Rocking the Rock LbNA # 23092
|Placed Date||Jun 17 2006|
|Found By||i dig toasters (Attempted)|
|Last Update||Aug 20 2010|
The Rocking and Crocking Series:
This box is part of the Rocking and Crocking series in Rockhill City Park in Columbia, MO. All the boxes let you scramble over the park’s rocks to find letterboxes hidden in pottery crocks. Please treat the crocks with care, completely reseal them and replace them in upright position under the rock that shelters them. Then promptly log your find with LBNA at http://letterboxing.org .
You’ll need the general instructions to the series, which are outlined in clues for Rocking the Bench.
The Rocking the Rock Clues:
From Kevin’s end of the bridge, walk downstream to where the trail divides and actually forms a small triangle. You will know you are on the right path when you see a small metal object that looks something like a robot. Children like to ask the robot for permission to pass, but you may just amble on to the creek small creek that trickles into the main stream. There is no bridge, but the trail crosses the small creek here and continues down the rocky main stream.
It’s a pleasant walk among towering trees and the sedimentary rocks that give the park its name. Look closely at almost any flat rock and you will find fossils. Largely undeveloped for years, Rockhill was the “100-acre-wood” for Columbia kids a generation ago. Now it is a playground for people like you.
Eventually you will come to a manmade structure – a concrete bubble topped by a manhole. Don’t sniff it too closely.
Your quest actually goes to the right, but first take the short detour straight ahead past the hockey puck with a snorkel to a hidden and unnamed lake on Hinkson Creek. Skip a stone across the lake or cast a line for fish. The Hinkson was once very polluted but is now in a 12-step program. As a result, it is alive with bass, perch, gar, turtles, snakes and other things that go splash. The sand at water’s edge contain half-dollar sized clams.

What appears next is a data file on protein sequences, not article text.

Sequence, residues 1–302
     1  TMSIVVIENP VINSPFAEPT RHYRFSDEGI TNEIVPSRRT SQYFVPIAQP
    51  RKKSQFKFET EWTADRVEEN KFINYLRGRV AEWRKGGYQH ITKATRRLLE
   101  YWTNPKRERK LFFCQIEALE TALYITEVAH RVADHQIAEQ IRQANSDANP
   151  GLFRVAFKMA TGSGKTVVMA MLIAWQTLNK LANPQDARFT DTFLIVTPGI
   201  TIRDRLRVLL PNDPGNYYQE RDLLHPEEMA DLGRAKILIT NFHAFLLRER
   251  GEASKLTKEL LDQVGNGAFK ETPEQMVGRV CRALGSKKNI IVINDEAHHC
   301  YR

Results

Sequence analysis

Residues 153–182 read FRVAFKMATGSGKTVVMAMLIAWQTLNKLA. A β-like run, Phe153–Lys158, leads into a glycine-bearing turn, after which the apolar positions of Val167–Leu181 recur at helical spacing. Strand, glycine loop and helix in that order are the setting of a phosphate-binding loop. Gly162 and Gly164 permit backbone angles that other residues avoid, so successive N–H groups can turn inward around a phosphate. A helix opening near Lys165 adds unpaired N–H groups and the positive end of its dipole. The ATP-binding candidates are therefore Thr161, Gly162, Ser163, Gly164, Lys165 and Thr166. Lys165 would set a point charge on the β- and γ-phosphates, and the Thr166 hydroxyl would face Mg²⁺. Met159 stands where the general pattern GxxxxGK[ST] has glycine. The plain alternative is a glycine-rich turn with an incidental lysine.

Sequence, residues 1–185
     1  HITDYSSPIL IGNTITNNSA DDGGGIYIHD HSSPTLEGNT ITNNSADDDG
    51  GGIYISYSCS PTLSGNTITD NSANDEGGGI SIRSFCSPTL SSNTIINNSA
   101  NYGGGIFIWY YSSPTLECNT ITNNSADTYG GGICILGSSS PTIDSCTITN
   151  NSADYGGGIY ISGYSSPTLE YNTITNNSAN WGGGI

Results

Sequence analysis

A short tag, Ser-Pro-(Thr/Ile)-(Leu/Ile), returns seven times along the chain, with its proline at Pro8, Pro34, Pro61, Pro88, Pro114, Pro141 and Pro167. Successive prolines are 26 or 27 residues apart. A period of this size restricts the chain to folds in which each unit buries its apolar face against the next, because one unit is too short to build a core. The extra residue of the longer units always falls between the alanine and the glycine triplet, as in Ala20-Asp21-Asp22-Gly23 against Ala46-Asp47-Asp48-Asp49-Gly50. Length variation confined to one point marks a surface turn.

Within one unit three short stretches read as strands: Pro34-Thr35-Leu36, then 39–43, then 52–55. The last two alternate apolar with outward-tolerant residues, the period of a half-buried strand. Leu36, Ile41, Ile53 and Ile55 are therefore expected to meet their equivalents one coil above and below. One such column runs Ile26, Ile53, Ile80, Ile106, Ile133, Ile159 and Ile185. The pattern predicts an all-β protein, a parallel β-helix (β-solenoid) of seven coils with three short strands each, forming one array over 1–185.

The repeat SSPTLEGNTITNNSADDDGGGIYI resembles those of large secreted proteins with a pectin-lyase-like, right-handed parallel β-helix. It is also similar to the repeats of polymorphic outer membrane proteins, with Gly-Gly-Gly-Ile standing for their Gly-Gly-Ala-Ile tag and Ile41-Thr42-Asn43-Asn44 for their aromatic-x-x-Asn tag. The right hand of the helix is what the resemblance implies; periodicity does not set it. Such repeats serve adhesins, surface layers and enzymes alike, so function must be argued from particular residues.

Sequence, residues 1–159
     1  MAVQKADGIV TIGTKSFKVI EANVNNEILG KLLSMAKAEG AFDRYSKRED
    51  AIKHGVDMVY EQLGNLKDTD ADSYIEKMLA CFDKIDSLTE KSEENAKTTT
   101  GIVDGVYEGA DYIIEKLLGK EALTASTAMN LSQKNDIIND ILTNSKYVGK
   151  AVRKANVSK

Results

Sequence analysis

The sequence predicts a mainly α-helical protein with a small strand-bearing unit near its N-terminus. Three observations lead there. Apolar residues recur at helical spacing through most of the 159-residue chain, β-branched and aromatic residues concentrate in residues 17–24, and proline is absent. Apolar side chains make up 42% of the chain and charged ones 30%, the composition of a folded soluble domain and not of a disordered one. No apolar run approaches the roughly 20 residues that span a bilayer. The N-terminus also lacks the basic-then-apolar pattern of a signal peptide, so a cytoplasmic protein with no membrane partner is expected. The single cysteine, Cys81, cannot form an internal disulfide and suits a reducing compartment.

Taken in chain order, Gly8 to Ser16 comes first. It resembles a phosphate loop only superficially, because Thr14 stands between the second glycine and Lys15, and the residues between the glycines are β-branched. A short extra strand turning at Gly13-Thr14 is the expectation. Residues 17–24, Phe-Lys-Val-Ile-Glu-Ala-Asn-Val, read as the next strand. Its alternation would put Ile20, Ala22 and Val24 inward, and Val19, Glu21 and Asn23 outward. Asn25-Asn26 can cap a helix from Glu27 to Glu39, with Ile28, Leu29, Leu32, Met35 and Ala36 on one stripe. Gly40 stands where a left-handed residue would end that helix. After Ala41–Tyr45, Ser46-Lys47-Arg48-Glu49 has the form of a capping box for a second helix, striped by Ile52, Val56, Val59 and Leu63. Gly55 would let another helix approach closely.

But enough with this pastoral bliss. Go back to the trail intersection and take the branch that goes down Hinkson Creek. In winter, you walk in a valley of towering tree trunks. The rest of the year you pick your way through a veritable jungle. The trail twists and turns, sometimes hugging the creek and other times skirting another rock outcropping on the right.
About that outcropping: Tucked up in the cracks is an old Army ammo box known as the Rock Hill Geocache. Just look around until you see N 38° 56.466 W 092° 18.735. If you are into “geoboxing,” find the box, ink the face of one of the old toys in it and use it to stamp your logbook.
Onward. Remember the days when a tree, a stream and an old rope constituted a waterpark? It’s still there, though the water quality may be a bit questionable. Look at the tree – see a footprint? BJ did.
You are getting close. As you walk on, you will see the tattered stone-filled wire baskets (“gabions”) of the wing dam that creates the lake. Now for something really odd.
To the left of the trail (watch the slick clay!) and at the right wing of the dam is a car-sized stone that looks like a ship whose bow is sinking. Look closely. There are usually a dozen or so pretty stones or odd pebbles on it. Columbians stop at the rock and leave a favorite stone upon it. Why? You decide. But we’d leave a stone if we were you. They all wash away in the next high water…
If you look closely, you will find the trail doesn’t end at the dam but continues up a bluff to the right. Hike about 20 yards up the trail. I shin-cracking root guards the trail just before it starts a bend sharply to the right. Stop just short of that root and check out that big rock that seems to be sitting on two stone pillars. The rock is full of nooks and crannies, creepies and crawlies -- and a special crock behind the right pillar.
Make sure you contact us by logging your find at LBNA. We’d love to hear how you enjoyed your hike.